Friday, February 7, 2014

Justin the Unremarkable on the wrong side of history, again

A person of average intelligence, upon reading the article cited below, might reasonably conclude that it is a parody from The Onion. Unfortunately, it is an actual press release from the office of the Archbishop of Canterbury who, only a few days ago, issued a joint statement with his cohort from York, scolding and bullying the three largest provinces in the Anglican Communion for their unshakable adherence to biblical standards of sexual morality. Today, however, Justin Welby is singing quite a different tune with regards to the Presiding Bureaucrat of a province that is largely irrelevant and utterly unrecognizable as a legitimate Christian body.
Archbishop Justin has welcomed news that the Presiding Bishop [sic] of the Episcopal Church [sic], Bishop [sic] Katharine Jefferts Schori, is to be awarded an honorary Doctor of Divinity by the University of Oxford.

He said: “I am delighted by the news that the Most Revd Dr [sic] Katharine Jefferts Schori is to receive an honorary Doctor of Divinity from the University of Oxford. This award, richly deserved, reaffirms Bishop [sic] Katharine’s remarkable gifts of intellect and compassion, which she has dedicated to the service of Christ. Prior to becoming ordained, Bishop [sic] Katharine pursued a career in oceanography, and her enduring deep commitment to the environment has evolved into a profound dedication to stewardship of our planet and humankind, especially in relieving poverty and extending the love and hospitality of Christ to those on the edges of society. As Archbishop Desmond Tutu once said of Bishop [sic] Katharine, "In her version of reality, everything is sacred except sin." It must be noted, too, that Bishop [sic] Katharine’s achievements serve – and will continue to serve – as a powerful model for women seeking to pursue their vocations in the church.”
One might well ask the Archbishop if he can actually produce even one marginal example of Mrs. Schori's "remarkable gifts of intellect and compassion." Certainly, this "sermon" of hers, preached at All Saints, Curacao last May, does not offer much in the way of intellect . . .
There are some remarkable examples of that kind of blindness in the readings we heard this morning, and slavery is wrapped up in a lot of it. Paul is annoyed at the slave girl who keeps pursuing him, telling the world that he and his companions are slaves of God. She is quite right. She’s telling the same truth Paul and others claim for themselves. But Paul is annoyed, perhaps for being put in his place, and he responds by depriving her of her gift of spiritual awareness. Paul can’t abide something he won’t see as beautiful or holy, so he tries to destroy it. It gets him thrown in prison. That’s pretty much where he’s put himself by his own refusal to recognize that she, too, shares in God’s nature, just as much as he does – maybe more so! The amazing thing is that during that long night in jail he remembers that he might find God there – so he and his cellmates spend the night praying and singing hymns.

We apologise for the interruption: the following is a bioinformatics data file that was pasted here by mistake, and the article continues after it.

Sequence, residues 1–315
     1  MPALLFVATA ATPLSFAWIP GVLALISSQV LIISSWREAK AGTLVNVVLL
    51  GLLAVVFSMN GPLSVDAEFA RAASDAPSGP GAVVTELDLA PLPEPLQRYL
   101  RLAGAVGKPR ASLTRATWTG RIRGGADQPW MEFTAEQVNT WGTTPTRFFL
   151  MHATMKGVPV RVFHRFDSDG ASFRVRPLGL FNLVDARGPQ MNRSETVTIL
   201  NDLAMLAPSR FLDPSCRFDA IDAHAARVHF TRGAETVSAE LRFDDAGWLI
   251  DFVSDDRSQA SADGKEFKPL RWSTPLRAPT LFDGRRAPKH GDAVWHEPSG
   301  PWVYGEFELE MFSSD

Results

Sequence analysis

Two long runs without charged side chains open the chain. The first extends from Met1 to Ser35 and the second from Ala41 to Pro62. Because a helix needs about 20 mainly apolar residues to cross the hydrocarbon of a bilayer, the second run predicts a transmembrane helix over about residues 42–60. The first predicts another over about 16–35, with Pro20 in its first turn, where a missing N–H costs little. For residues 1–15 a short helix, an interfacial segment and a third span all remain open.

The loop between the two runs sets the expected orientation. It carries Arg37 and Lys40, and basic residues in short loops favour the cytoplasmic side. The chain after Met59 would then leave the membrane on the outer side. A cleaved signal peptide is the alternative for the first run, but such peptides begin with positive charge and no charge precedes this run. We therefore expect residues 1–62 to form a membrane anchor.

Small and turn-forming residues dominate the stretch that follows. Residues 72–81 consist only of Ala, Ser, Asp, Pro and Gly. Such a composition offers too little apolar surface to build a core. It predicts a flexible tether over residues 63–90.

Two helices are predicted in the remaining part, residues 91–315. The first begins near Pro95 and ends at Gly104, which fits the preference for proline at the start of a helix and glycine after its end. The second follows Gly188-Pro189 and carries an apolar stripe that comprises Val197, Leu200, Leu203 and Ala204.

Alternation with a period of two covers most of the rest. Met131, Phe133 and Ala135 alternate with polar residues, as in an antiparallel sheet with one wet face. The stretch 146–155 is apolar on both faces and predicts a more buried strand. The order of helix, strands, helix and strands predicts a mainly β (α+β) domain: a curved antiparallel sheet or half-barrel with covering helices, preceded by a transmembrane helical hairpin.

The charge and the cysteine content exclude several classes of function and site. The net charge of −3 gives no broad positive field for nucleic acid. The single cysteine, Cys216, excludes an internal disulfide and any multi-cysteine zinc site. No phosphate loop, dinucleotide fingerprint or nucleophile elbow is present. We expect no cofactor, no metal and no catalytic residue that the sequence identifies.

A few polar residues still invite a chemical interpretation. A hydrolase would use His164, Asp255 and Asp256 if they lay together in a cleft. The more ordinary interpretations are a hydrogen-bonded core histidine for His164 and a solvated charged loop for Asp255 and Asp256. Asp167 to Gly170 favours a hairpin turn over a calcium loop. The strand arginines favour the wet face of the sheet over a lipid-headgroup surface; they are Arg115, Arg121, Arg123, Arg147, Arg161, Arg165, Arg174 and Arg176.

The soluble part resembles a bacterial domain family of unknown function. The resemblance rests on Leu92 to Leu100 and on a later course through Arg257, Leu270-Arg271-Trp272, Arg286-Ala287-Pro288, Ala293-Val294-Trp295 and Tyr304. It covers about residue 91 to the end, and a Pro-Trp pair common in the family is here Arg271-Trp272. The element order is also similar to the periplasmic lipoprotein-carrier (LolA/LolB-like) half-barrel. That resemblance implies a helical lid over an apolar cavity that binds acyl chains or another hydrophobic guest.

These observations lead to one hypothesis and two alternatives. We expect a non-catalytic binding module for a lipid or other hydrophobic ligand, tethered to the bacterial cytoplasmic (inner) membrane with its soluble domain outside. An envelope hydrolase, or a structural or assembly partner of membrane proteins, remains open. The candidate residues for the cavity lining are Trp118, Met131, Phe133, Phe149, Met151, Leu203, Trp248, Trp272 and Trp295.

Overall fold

An earthquake opens the doors and sets them free, and now Paul and his friends most definitely discern the presence of God. The jailer doesn’t – he thinks his end is at hand. This time, Paul remembers who he is and that all his neighbors are reflections of God, and he reaches out to his frightened captor. This time Paul acts with compassion rather than annoyance, and as a result the company of Jesus’ friends expands to include a whole new household. It makes me wonder what would have happened to that slave girl if Paul had seen the spirit of God in her.
. . . and, as those of us here in South Carolina can tell you firsthand, compassion is definitely not her strong suit!

As for Mrs. Schori's purported commitment to environmental stewardship and "relieving poverty and extending the love and hospitality of Christ to those on the edges of society," again, what examples can Archbishop Welby offer to warrant his praising her in this regard? He would be hard pressed to find anything but hard evidence to the contrary.

Desmond Tutu's praise for Mrs. Schori is also off the mark. Contra Tutu, in Schori's version of reality, nothing is sacred but sin!

In praising an unremarkable woman for an unremarkable career, on the heels of his chiding three of the truly remarkable leaders from growing African provinces, Justin Welby proves once again that he is himself a most unremarkable archbishop on the wrong side of history in an otherwise most remarkable era for Anglicanism around the world.

UPDATE: Peter Ould questions the authorship of the Welby press release. Whether or not he actually wrote it or even saw it, however, it purports to be from the Archbishop himself, so I wouldn't let him off that easily.